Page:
Annual Report 2014-15

A Culture of Possibilities Our high school faculty and students demonstrated their continued commitment to our culture of possibilities this year by laying the groundwork for a host of innovative programs. Global Online Academy, School Year Abroad, APEx, and the Senior Catalyst Project are just a few of the new offerings available to help our students reach new levels.

A Culture of Extraordinary Care Our high school culture of extraordinary care grew even stronger as a yearlong process involving student input, professional learning, program development, and prototyping for the full implementation of a divisionwide advisory program. We are excited to watch as our students reap the fruits of our collective labors well into the future. The continued development of our culture of excellence, culture of possibilities, and culture of extraordinary care have positioned the high school well to realize our schoolwide vision of becoming a world leader in education, cultivating exceptional thinkers, prepared for the future.


Top Ten High School Highlights

1 COLLEGE BOARD EXAMS 2 A PERFECT SCORE 3 CARE FOR KATHMANDU 4 GLOBAL ONLINE ACADEMY 5 SCHOOL YEAR ABROAD

The 2014-15 year marked the most Advanced Placement exams taken in SAS history, with 628 students completing 1,593 College Board examinations.

Our culture of excellence produced another year of 100 percent of our students being accepted to college.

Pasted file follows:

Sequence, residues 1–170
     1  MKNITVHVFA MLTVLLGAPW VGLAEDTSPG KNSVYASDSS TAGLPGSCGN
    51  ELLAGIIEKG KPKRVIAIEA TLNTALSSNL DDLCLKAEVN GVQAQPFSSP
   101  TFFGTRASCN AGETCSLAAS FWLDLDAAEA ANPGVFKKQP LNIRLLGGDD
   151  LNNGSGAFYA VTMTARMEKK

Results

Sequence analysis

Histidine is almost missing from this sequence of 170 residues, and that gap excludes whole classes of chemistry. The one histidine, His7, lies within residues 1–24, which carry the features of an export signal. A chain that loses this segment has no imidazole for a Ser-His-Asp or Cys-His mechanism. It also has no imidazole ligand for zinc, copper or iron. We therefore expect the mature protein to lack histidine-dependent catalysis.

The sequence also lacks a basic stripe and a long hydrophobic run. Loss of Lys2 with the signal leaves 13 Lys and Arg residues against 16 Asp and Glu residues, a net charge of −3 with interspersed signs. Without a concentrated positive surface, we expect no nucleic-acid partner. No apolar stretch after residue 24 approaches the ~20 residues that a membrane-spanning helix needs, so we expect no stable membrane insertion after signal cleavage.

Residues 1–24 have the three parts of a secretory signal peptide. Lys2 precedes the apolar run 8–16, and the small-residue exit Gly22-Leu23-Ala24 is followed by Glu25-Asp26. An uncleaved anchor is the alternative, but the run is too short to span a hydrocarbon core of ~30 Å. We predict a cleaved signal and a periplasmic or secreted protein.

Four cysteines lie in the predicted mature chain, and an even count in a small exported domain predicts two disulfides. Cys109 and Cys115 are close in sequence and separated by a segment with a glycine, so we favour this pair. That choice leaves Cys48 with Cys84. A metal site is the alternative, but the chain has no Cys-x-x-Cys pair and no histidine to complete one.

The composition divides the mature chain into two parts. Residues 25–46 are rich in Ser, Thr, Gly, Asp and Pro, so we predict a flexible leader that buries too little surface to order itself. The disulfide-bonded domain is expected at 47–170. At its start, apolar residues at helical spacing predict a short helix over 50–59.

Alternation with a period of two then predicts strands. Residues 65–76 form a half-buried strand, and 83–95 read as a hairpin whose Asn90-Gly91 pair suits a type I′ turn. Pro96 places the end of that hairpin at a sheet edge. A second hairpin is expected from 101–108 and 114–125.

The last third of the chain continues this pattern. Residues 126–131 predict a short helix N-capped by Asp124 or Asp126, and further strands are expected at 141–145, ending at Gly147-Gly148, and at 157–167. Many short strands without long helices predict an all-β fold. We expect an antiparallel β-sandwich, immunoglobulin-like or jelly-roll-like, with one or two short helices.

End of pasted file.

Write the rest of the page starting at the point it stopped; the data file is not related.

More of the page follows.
Student-led Executive Service Council rallied to the aid of Nepal after the tragic earthquake. Our students led a communitywide fundraising effort resulting in over $70,000 of contributions in only 30 days.

Global Online Academy launched, allowing our students to have access to a vast array of meaningful, rigorous courses not currently offered at SAS.

We were awarded acceptance into the prestigious School Year Abroad consortium. School Year Abroad allows our students the opportunity to study internationally for a year with their peers from other high performing schools in Spain, France, Italy, and China.

6 ATHLETIC PERFORMANCE AND EXERCISE CENTER 7 ADVISORY PREPARATION

(APEx) A combined faculty and student development team worked tirelessly in the 2014-15 year to lay the groundwork for the 2015-16 launch of phase one of our APEx fitness program.

We undertook a yearlong process of student input, professional learning, program development, and prototyping in preparation for the full implementation of a divisionwide advisory program. Advisory will ensure that each student feels known, cared for, and connected to the school.

8 TEDXYOUTH@SAS 9 ONE DEGREE NORTH 10 ARTS

A student-led team oversaw the first annual TEDxYouth event that included student, faculty, and guest speakers.

Our robotics team qualified for a third consecutive year for the world For Inspiration and Recognition of Science and Technology (FIRST) robotics competition held in St. Johns, Newfoundland.

The Nutcracker, Return to the Forbidden Planet, and Carmina Burana were just a few of the amazing shows performed by our talented student musicians, actors, and dancers.

27


Assessing

The results

Jennifer Sparrow Executive Director of Teaching and Learning